circular economy

By Sally Brown, University of Washington

Abstracts of these resources are available in the searchable Information Portal offered to Northwest Biosolids members.

  1. Environmental Engineering fo the 21st Century: Addressing Grand Challenges

  2. Transition towards circular economy in the food system

  3. Recirculation of human-derived nutrients from cities to agriculture across six continents

  4. Phosphate and potassium recovery from source separated urine through struvite precipitation

  5. Feeding the Corn Belt: Opportunities for phosphorus recycling in U.S. agriculture

Billy Preston likely wasn’t thinking about the circular economy back in 1972 when he sang ‘Will it go round in circles’ but that is the song that came to mind as I assembled the articles for this library. Too often with this library I have to focus on the you need a microscope to be able to see it level.  Here I am talking about the part per trillion contaminants that people worry about.  This month we go up several thousand feet to provide some perspective on the broader implications of what you all do and provide.  The term circular economy refers to understanding the value in wastes.  Instead of our traditional acquire use and dispose, a circular approach replaces dispose with repurpose reuse and recycle. Understanding and explicitly designing the value of the ‘waste’ material into the cycle of things is the key to the term circular economy.  Some of you may already have an inkling of how this applies to biosolids and composts. 

The first paper in the library is a new report from the National Academy of Sciences on challenges for environmental engineers.  While circular economy is not in the title of this report it is all over the challenges that the report focuses on:

1: Sustainably supply food, water, and energy
2: Curb climate change and adapt to its impacts 
3: Design a future without pollution and waste 
4: Create efficient, healthy, resilient cities
5: Foster informed decisions and actions 

vertical agricultureThe report is an interesting easy read and many of the points made tie into residuals and wastewater.  For example, reading about vertical agriculture made me immediately think about setting up these farms next to treatment plants for use of effluent. 



There is a discussion of water use by continent.  Also on sources of water including grey water and reclaimed water.  Big section on food waste.  Green infrastructure brought to mind uses for composts.  The discussion is not fully US centric and so it is also interesting to consider these issues in a global context.  There is also the section on adapting to climate change with associated changes in sea levels and frequency of flooding.  This is something all plant managers have to deal with. Ecosystem resilience is another section - we know that biosolids and compost are part of a solution here.  The chapter entitled ‘Design a Future Without Pollution or Waste’ is also pertinent and ties directly into the concept of a circular economy.  Much of this is stuff that we do and think about on a daily basis but it is very nice to have a glossy publication from NAS that recognizes it.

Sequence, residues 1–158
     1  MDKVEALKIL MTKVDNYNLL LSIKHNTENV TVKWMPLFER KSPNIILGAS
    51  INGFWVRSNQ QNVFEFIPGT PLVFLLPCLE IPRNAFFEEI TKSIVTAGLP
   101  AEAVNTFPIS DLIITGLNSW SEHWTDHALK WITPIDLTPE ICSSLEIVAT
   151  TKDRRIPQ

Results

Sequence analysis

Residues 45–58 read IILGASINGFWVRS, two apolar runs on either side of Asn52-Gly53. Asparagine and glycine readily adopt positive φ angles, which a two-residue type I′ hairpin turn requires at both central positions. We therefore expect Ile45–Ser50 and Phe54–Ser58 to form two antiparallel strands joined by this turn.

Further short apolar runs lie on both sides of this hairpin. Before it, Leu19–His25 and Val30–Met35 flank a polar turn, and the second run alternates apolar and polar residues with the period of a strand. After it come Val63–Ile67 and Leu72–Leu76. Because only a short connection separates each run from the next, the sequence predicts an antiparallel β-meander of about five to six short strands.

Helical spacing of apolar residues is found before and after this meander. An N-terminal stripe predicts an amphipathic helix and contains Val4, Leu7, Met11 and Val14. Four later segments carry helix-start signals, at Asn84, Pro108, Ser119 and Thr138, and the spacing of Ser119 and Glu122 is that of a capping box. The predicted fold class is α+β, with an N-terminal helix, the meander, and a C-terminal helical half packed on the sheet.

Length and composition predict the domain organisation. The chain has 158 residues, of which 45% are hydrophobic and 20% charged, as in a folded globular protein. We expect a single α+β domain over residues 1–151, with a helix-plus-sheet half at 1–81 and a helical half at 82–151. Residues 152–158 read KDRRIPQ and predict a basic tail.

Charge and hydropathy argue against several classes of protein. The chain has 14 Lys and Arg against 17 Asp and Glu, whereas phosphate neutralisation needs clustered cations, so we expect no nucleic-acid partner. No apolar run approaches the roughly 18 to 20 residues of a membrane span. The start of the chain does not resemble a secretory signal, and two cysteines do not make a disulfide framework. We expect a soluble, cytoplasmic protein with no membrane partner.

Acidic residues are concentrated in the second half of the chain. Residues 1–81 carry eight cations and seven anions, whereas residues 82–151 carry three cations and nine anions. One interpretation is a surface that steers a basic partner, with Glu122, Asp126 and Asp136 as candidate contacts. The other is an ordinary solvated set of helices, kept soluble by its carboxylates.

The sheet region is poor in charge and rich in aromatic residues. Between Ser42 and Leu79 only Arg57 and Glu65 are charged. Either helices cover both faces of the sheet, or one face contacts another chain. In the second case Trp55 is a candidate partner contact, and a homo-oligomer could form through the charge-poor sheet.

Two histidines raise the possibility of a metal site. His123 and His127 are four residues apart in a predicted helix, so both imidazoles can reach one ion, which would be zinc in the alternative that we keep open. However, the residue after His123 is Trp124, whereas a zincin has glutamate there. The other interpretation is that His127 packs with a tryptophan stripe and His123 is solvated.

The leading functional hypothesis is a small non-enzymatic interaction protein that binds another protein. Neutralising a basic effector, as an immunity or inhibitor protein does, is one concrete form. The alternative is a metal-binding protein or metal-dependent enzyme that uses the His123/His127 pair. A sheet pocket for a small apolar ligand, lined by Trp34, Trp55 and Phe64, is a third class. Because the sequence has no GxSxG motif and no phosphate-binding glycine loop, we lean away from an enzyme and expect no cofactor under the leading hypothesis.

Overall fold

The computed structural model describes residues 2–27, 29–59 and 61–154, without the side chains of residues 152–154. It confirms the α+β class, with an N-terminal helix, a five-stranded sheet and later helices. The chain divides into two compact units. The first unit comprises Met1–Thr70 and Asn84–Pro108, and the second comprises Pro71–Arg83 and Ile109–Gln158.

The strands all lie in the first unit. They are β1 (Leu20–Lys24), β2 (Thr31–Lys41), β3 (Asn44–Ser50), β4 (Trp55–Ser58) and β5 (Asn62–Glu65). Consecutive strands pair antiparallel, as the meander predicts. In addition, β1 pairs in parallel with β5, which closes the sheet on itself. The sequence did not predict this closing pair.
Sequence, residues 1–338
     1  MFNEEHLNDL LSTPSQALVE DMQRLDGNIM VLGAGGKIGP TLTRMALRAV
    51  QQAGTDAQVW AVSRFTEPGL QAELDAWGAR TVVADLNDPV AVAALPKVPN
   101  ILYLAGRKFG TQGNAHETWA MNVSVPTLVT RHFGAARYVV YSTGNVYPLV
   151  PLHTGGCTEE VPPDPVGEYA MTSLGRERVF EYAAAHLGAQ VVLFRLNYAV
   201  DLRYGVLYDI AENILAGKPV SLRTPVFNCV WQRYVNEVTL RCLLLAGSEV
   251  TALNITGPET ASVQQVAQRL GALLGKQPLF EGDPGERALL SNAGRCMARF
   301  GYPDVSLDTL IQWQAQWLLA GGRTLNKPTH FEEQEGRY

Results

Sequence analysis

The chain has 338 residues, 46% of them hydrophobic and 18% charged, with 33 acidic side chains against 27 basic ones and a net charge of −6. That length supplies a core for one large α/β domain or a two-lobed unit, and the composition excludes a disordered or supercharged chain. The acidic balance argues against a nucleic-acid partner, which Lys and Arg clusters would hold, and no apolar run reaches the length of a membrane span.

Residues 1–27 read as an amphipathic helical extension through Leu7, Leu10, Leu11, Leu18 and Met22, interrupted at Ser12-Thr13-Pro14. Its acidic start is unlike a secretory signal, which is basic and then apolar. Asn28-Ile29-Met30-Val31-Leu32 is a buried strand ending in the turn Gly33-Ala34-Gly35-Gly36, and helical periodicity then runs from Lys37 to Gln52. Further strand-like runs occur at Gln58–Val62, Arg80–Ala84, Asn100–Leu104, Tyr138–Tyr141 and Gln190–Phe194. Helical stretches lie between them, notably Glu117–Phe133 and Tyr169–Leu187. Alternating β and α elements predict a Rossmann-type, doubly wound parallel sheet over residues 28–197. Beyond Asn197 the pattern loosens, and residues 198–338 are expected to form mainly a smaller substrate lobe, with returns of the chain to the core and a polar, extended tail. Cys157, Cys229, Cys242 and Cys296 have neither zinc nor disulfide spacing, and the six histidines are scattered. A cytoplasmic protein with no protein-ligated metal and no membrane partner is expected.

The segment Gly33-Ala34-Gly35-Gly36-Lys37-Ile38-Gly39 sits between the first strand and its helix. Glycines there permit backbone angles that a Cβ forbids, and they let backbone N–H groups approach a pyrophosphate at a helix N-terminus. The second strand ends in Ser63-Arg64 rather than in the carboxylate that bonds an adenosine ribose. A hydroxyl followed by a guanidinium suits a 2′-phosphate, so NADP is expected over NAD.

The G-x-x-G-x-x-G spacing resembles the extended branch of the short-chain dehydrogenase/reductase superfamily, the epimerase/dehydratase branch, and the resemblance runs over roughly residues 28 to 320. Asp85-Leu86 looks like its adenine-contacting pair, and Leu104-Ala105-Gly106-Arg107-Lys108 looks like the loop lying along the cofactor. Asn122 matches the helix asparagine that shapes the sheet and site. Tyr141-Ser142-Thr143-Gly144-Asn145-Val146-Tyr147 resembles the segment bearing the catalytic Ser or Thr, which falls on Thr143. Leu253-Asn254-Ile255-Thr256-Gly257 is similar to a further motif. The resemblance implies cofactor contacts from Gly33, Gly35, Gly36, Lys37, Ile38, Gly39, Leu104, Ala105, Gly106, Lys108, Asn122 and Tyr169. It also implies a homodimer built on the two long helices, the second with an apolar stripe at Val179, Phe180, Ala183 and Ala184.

The next article continues on in a similar vein with a focus on the circular economy in terms of our food system.  Here it is in a nutshell:


A critical portion of a circular food system is appropriate management of waste materials.  Here is a sentence from the paper: The potential solutions identified in this paper related to nutrient cycling include recovering nutrients from manure, recovering and reusing nutrients in sewage sludge, cascading use of materials, as well as supporting local farms and de-specialized agricultural holds (Table 1).  Granted, they say ‘sewage sludge’ and not biosolids.  Table 1 focuses on P recovery from wastewater.  However, it is still nice to see biosolids as part of a solution in a broad issue paper on food systems.